In conflict-stricken Burkina Faso, hundreds marched in cities across the country to protest insecurity and show solidarity for Mali, recently placed under sanctions by the West African political bloc ECOWAS.
On Saturday morning, just before 9 a.m., around 300 protesters gathered in downtown Ouagadougou, some to show their anger toward the government’s handling of security, others to show solidarity with protests that took place in neighboring Mali last weekend.
Ali Sankara, owner of a shop in the neighborhood of Koulouba, where the protests took place, told VOA, “We are here to protect our property and people, and now [police] are shooting tear gas all over the place. If they cause a fire here, who's going to pay the price? We only came out to protect our property.”
On Thursday, authorities had banned the protests. As a result, the police Saturday were quick to enforce the restrictions after protesters began erecting blockades on one of the city’s main roads. The police detonated a flashbang as they began to use force to break up the crowd.
Since Jan. 10, the government has blocked access to Facebook throughout the country in an apparent effort to prevent protesters from communicating and turning out in large numbers.
Ibrahima Maiga of the Movement to Save Burkina Faso, one of the organizations behind the protests, told VOA, “I think the fact they banned the protests is something that gives us more reason to protest. It is something that should not happen in a country where people claim to be elected. This kind of behavior should happen only in a country where there is no freedom.”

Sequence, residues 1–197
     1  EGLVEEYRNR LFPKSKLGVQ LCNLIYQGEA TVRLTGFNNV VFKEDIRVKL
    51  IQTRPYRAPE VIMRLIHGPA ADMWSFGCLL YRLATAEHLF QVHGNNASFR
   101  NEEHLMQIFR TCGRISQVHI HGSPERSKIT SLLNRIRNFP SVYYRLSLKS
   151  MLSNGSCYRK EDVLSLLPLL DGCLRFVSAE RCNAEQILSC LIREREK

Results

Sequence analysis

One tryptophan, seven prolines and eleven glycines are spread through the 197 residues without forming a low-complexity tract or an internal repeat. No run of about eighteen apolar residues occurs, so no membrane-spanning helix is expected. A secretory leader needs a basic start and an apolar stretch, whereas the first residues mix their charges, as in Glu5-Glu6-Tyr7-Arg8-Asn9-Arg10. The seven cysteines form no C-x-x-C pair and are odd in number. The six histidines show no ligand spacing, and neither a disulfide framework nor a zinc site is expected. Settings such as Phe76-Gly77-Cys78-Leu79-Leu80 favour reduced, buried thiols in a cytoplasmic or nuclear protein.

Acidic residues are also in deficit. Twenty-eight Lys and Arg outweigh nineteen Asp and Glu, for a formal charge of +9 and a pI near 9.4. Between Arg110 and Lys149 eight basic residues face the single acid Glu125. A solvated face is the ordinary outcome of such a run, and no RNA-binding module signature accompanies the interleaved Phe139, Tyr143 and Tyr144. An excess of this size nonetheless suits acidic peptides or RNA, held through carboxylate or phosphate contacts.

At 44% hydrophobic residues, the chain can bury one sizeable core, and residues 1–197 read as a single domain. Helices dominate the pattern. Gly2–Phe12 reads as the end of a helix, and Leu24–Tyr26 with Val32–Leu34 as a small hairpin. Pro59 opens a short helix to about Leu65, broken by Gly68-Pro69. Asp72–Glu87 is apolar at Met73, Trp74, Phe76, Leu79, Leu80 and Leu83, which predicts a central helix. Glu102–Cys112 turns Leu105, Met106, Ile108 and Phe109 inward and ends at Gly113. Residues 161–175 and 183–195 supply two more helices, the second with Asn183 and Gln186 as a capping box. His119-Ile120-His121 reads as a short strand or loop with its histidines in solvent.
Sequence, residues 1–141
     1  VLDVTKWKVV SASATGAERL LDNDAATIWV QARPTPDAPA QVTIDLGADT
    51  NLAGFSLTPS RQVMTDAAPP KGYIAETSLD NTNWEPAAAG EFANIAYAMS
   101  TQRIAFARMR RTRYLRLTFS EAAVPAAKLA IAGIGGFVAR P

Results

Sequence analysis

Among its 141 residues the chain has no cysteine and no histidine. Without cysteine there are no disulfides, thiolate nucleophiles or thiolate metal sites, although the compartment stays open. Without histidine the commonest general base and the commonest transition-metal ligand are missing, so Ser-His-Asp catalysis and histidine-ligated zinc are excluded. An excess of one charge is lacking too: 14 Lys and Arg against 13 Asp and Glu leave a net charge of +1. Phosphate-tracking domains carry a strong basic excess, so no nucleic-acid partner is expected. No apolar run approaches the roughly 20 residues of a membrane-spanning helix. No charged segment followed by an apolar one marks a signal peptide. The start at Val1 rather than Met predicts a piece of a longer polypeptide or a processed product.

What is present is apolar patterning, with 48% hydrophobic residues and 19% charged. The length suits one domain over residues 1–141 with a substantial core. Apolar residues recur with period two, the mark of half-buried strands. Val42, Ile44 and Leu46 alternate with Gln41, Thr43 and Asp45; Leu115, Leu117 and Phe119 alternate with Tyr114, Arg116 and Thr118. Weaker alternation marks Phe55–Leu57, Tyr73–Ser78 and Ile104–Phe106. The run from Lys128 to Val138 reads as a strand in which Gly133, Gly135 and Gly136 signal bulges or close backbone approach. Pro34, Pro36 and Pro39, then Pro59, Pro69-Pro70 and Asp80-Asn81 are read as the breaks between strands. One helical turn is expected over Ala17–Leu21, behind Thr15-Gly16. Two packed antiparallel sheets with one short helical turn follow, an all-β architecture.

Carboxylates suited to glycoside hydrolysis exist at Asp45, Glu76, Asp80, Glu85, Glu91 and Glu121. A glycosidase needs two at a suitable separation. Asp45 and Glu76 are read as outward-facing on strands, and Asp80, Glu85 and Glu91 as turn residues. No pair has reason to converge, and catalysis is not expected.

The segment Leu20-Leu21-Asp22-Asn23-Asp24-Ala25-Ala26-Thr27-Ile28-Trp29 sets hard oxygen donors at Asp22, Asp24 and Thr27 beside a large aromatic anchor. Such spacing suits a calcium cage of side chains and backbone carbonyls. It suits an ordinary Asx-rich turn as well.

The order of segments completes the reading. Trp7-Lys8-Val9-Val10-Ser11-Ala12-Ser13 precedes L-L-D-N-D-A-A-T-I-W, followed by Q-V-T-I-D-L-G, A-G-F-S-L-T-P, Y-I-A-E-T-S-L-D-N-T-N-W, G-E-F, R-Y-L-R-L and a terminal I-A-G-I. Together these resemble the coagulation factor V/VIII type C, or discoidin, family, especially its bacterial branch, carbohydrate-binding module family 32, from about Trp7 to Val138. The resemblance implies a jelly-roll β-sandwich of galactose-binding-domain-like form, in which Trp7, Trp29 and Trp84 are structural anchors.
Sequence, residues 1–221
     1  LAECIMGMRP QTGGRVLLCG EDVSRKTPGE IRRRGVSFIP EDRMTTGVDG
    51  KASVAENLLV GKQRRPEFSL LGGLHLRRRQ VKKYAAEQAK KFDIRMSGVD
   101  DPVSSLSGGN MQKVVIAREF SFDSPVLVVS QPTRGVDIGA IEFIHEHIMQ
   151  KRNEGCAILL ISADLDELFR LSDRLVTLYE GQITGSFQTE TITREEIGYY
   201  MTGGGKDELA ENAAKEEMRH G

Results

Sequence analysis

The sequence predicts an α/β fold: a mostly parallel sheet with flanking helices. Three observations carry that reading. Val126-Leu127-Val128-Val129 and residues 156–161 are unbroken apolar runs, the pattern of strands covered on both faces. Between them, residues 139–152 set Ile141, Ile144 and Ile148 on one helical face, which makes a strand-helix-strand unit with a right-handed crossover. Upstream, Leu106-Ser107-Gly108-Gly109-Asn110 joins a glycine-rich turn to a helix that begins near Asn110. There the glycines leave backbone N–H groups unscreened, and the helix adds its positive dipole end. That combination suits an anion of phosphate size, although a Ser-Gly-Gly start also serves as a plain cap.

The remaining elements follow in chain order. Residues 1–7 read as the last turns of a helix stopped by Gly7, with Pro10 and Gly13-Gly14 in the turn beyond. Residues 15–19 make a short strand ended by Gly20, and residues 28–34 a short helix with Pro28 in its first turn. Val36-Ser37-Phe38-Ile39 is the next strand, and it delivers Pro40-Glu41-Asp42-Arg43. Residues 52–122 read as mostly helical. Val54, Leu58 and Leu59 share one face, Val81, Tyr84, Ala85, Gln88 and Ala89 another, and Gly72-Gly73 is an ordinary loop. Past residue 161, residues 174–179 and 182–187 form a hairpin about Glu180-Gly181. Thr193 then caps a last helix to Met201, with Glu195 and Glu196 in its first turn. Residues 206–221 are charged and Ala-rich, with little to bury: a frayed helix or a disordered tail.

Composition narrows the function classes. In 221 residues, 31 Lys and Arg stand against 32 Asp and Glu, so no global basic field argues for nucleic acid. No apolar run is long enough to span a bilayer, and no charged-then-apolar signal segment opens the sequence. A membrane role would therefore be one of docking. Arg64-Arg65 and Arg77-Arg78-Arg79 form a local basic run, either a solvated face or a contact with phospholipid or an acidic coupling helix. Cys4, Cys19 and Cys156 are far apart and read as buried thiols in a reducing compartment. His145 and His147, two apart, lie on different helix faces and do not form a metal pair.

Two of the protest organizers were detained Thursday by authorities.
Burkina Faso’s government has been under pressure from protesters since November. Demonstrations swept the country after an attack on a military base, which had not been supplied with food for two weeks, by terrorists linked to al-Qaida, killing at least 49 military personnel.
In response, President Roch Kabore fired his Cabinet and formed a new one in December. He also fired many of the military’s top commanders to appease critics.
Meanwhile, in neighboring Mali, thousands of citizens turned out last weekend to protest sanctions placed on the country by the West African political bloc ECOWAS. The country’s president, Assimi Goita, took power in a coup last year and is refusing to hold democratic elections for at least another five years, drawing pressure from the international community.
Some of the protesters in Burkina Faso wore T-shirts with images of Goita and expressed solidarity with recent protests in Mali.
Like Mali, Burkina Faso has been embroiled in a six-year conflict with terrorist groups linked to Islamic State, al-Qaida and local banditry.
As he clean the tear gas from his eyes with water, protester Amidou Tiemtore told VOA, “What is happening now in our country is sad … And now, with all that’s happening we are told now is not the time to take to the streets. If this is not the time to march, then when is the time?” he asked.
A government spokesperson was not immediately available to comment on the protests.